Infineon's Got Framers for Everyone
Today, the company announced the Tethys family of Sonet/SDH Framer chips, which are targeted at lower-speed markets (see Infineon Intros Sonet/SDH Framers).
The Tethys 448 is based on technology used in the company's Titan framer chip, which began with the 2001 acquisition of Catamaran Communications, but it targets line speeds as low as OC3 (155 Mbit/s). At its peak, the device's 16 ports can each support one OC48 (2.5 Gbit/s) and can channelize them down to 768 STS1s (51.8 Mbit/s).
Infineon isn't giving up on higher-end speeds, though. The company is also announcing the Tethys 4192, which is just like the Tethys 448 but can support up to four OC192 (10 Gbit/s) ports. Both chips are due to sample later this quarter.
The moves show a more broad-based approach to the market. Infineon's framer program was orginally intended to target next-generation networking. "We actually produced Titan as our OC768 [40 Gbit/s] chip set," says Srinivas Nimmagadda, Infineon marketing director (see Infineon to Acquire Catamaran, Infineon Touts 40-Gig Chips, and Infineon Ships 40-Gig Chip).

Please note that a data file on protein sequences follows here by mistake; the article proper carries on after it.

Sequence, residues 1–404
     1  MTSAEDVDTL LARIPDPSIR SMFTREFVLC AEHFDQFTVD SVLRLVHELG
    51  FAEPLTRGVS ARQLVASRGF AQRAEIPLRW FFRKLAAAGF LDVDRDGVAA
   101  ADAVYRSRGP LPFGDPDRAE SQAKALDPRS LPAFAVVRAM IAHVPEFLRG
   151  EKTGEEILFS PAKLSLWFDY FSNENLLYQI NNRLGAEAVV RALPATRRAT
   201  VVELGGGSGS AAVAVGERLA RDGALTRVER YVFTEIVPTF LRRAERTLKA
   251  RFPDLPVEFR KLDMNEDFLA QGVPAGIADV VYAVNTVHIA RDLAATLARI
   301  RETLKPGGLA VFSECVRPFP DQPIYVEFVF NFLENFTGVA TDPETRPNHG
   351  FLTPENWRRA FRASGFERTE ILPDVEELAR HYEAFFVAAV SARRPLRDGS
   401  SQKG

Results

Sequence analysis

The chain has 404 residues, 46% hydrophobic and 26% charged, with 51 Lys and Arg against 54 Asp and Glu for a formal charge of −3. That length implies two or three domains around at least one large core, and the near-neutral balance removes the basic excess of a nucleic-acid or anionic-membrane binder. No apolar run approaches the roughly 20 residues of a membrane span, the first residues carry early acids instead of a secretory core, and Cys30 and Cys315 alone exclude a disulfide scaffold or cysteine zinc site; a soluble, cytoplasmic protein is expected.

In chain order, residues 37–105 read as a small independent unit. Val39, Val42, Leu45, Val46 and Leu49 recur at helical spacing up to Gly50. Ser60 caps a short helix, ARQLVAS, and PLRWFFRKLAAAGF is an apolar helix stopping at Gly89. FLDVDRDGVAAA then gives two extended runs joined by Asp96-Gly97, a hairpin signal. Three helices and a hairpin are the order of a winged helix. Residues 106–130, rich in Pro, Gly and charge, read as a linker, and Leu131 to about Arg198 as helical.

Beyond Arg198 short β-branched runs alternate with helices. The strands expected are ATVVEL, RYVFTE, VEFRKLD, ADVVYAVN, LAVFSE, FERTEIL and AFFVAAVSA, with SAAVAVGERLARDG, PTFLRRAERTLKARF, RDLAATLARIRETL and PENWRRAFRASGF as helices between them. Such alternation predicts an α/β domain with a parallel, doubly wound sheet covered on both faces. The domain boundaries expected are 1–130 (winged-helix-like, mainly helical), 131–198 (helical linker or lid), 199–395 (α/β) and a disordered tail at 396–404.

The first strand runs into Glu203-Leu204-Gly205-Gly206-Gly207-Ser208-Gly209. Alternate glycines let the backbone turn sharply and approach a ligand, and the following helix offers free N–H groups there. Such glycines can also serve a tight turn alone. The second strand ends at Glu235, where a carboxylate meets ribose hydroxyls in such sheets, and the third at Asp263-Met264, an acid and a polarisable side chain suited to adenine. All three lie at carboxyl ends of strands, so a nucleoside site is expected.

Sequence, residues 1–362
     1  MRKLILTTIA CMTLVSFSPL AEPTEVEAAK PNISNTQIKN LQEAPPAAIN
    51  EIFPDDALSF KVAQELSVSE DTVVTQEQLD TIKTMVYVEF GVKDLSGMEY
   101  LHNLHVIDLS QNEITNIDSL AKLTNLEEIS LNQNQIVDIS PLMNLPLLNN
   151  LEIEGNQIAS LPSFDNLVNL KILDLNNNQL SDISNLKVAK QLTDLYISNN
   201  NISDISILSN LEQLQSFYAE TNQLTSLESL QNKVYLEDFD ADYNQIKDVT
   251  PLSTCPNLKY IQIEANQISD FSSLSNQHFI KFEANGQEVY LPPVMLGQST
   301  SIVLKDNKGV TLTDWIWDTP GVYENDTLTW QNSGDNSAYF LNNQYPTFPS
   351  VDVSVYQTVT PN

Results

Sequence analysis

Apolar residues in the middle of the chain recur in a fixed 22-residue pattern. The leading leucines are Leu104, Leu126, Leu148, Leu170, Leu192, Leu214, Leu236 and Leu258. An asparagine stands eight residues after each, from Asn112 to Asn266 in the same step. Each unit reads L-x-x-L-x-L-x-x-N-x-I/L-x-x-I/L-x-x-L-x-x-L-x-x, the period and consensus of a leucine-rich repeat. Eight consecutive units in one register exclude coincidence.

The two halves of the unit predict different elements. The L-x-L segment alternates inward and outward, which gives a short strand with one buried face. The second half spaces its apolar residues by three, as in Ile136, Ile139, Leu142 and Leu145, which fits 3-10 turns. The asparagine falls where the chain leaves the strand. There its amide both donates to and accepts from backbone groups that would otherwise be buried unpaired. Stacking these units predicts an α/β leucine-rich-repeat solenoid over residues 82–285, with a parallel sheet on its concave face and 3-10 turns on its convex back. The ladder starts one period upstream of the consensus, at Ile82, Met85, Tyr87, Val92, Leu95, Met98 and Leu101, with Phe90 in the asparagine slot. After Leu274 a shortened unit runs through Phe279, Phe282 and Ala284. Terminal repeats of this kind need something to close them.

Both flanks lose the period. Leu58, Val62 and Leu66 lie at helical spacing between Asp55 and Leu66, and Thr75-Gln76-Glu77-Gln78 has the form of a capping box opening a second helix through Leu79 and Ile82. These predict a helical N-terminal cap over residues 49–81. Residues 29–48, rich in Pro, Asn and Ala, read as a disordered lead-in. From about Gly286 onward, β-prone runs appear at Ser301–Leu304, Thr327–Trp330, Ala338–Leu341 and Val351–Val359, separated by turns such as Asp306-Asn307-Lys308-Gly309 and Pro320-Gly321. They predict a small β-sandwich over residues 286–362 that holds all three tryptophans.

Naturally, few OEMs are concerned about 40-Gbit/s port speeds -- in fact, most designs seem to target 40 Gbit/s of aggregate switching capacity, Nimmagadda says. OC48 line rates are still popular, but line-card designs are also putting renewed emphasis on OC3 and OC12 (622 Mbit/s).
Infineon isn't the only company to notice this. Agere Systems (NYSE: AGR.A) used the OFC tradeshow to tout its Mars line of framers targeting highly channelized OC3 and OC12 lines (the company probably didn't want to tout optics at the show, having just sold that business to TriQuint Semiconductor Inc.). And Nimmagadda says Applied Micro Circuits Corp. (Nasdaq: AMCC) is expected to release a low-speed version of its Mekong framers soon (see AMCC Releases 'Mekong' Chip).
One thing Infineon is not doing is joining the Ethernet-over-Sonet bandwagon, which has been a recent focus for PMC-Sierra Inc. (Nasdaq: PMCS) and startup Ample Communications Inc. (see PMC, TranSwitch Get Edgy and Ample Evangelizes Ethernet). Such chips would be suitable for customer-premises equipment, Nimmagadda says, but Infineon wants the all-TDM Tethys to target carrier equipment.
— Craig Matsumoto, Senior Editor, Light Reading